8. How well/often are current/recent graduates publishing? How many are teaching full-time? Part-time? Where? How many are tending bar? How many have gone back to previous professional jobs? Who among these have published at least one full-length book with a decent literary or commercial house?
I have a great deal of respect for Suze as a personal finance adviser. However, she should not assume that, as the author of commercial non-fiction, she is qualified to advise creative writers on the very expensive and difficult choice to study their art and craft in depth. To denigrate a professional editor’s choice to expand her repertoire by suggesting that she get together with a few pals at the coffee shop for an exercise in the blind leading the blind is like suggesting to a prospective MBA student that she get together with a couple of friends and open said coffee shop as a means to understanding macroeconomic theory.
Then there’s the model of the restaurant in Iowa City completely staffed by creative writing students.
As somebody who definitely cannot afford it, and who lost a great deal of financial wealth pursuing a low-residency MFA at a private college, I have to say that I am poor and in hefty educational debt, but not sorry. I transferred to a public university, earned an MFA, taught part-time for a while, and now am pursuing a creative Ph.D. at another public university. Yes, I could have earned $500,000 or more in the eleven years since I left my wonderful journalism job–not counting retirement savings–and yes, it does make me a little nauseated to think about it. However, I can look at myself in the mirror; my writing has improved by light years; and I have developed a body of work, widened my professional contacts, and made many good friends since then.
A creative graduate degree does imply the right to teach; it is not, however, a job license or a guarantee that its holder will win the Pulitzer, Nobel, or state poetry contest. It is an exercise in craft refinement and development that results in a publishable body of work, good work habits, and much deep and wide reading.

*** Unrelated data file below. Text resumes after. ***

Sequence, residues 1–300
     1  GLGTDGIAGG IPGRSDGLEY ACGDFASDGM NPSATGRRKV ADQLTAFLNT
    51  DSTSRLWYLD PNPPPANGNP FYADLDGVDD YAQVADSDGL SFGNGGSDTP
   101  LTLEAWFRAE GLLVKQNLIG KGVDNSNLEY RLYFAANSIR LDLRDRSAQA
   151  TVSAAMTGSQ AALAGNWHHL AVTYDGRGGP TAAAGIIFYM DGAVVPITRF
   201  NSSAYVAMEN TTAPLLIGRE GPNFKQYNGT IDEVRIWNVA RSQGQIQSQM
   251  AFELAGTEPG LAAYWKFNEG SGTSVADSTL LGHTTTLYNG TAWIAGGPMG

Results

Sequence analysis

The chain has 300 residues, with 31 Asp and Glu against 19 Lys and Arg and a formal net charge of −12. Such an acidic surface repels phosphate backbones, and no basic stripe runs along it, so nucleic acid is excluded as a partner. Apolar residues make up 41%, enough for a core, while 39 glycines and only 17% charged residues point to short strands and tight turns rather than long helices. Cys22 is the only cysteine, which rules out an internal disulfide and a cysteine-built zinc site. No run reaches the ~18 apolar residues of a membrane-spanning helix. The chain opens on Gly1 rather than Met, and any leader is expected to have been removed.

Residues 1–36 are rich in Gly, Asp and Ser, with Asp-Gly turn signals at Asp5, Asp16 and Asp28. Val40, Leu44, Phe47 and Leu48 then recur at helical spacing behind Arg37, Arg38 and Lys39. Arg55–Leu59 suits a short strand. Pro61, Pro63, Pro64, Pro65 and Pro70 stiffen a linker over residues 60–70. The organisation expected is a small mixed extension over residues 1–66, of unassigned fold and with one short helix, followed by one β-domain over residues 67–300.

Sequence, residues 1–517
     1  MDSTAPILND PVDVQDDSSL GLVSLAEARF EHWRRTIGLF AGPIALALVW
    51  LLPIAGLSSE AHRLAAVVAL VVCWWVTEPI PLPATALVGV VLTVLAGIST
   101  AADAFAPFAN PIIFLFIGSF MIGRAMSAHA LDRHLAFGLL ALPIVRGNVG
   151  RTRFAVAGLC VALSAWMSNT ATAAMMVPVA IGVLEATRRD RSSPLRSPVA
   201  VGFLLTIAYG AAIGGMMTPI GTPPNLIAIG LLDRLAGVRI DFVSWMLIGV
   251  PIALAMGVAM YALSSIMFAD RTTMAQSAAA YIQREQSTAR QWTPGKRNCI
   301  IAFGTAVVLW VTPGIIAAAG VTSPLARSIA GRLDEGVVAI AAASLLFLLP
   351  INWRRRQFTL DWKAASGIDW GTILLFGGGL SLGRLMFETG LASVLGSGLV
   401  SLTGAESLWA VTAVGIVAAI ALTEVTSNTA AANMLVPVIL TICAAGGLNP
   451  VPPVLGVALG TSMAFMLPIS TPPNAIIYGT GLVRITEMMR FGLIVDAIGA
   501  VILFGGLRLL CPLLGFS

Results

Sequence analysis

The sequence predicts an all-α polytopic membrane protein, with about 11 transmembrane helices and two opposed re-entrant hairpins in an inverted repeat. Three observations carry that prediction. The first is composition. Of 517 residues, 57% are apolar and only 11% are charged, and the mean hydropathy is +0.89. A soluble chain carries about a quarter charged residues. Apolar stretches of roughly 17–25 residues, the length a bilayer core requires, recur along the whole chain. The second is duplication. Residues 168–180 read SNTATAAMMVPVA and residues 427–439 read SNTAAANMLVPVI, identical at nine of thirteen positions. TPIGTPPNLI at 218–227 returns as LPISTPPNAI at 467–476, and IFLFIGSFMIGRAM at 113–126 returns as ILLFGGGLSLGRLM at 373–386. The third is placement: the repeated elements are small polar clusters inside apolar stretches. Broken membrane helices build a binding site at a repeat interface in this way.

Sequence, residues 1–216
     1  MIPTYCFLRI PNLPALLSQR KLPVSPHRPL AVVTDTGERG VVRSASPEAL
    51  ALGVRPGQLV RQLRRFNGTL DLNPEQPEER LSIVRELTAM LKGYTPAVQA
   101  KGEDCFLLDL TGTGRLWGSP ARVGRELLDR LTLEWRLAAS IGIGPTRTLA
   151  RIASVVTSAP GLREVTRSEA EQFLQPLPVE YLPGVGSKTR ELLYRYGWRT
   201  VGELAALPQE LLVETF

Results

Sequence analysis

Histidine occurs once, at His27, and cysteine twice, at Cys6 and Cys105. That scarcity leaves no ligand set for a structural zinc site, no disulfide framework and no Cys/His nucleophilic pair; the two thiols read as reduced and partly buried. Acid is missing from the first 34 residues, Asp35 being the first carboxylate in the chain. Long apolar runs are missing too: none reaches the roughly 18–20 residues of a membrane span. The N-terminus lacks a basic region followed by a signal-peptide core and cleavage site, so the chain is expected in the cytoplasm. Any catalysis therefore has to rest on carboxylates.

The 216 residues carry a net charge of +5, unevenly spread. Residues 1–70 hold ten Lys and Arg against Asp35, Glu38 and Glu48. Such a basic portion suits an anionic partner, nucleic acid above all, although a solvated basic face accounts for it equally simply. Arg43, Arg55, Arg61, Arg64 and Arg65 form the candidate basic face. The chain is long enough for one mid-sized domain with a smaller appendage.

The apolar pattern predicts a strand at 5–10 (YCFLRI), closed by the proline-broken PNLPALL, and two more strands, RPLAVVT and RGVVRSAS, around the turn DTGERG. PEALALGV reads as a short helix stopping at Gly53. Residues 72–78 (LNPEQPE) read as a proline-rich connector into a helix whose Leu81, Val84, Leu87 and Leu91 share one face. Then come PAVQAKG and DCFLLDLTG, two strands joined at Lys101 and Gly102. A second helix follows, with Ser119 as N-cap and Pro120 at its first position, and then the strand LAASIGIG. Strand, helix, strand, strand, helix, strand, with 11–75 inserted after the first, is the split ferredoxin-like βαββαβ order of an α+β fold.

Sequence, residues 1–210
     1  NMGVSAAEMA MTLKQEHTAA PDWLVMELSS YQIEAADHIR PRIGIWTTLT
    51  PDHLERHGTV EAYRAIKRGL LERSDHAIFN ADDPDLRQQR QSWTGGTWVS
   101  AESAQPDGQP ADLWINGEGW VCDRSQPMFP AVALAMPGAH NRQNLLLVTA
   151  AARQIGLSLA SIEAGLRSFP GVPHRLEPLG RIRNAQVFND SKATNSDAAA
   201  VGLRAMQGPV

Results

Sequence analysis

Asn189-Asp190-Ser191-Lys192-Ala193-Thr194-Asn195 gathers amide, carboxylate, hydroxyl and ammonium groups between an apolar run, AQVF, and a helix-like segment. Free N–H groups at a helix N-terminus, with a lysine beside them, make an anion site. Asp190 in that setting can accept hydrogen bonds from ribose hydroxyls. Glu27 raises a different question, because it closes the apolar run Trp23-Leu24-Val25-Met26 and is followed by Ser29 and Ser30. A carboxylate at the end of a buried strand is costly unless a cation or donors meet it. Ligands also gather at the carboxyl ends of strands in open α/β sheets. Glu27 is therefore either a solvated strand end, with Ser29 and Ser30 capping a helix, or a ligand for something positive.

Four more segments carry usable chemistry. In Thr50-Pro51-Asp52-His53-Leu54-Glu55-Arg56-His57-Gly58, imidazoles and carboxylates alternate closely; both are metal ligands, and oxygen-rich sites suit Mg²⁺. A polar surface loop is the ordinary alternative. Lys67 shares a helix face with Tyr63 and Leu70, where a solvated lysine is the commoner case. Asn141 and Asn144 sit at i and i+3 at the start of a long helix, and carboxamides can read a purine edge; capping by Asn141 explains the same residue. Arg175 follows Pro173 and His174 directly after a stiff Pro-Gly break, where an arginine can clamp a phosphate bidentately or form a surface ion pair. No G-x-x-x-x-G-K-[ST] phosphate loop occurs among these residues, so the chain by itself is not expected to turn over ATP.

I refer the curious to the Association of Writers and Writing Programs for information about why an MFA (or creative Ph.D.) can be vital to any serious writer’s artistic development. It seems that writers pursuing advanced study are forever held up to the “practicality” test in ways that other artists (musicians, visual artists, etc.) are not.
Suze’s motto is “People first, then money, then things.” I agree. If you are serious about your writing, then your development as a writer comes first. It is integral to your happiness, your well-being, and your time spent on the planet. Next, you are in the fortunate position to have the money to pursue said artistic development. You are very lucky. Finally, if the “thing” at the bottom of this hierarchy is the sheepskin–that is, if you are doing this for the right reasons and not merely to say, “I have an MFA (or whatever degree it is),” then you have followed her advice.
Caller! Go forth and sniff out the various programs! Go part-time and keep running your publishing business! Find a suitable low-res and keep working! Talk to others who have been in your position! Your financials are a hell of a lot better than mine, girlfriend! You have been APPROVED!